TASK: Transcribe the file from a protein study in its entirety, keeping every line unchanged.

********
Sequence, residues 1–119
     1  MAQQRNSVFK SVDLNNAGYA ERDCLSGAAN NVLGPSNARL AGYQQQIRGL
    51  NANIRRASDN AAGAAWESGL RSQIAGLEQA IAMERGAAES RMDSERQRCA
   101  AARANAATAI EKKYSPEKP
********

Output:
Sequence, residues 1–119
     1  MAQQRNSVFK SVDLNNAGYA ERDCLSGAAN NVLGPSNARL AGYQQQIRGL
    51  NANIRRASDN AAGAAWESGL RSQIAGLEQA IAMERGAAES RMDSERQRCA
   101  AARANAATAI EKKYSPEKP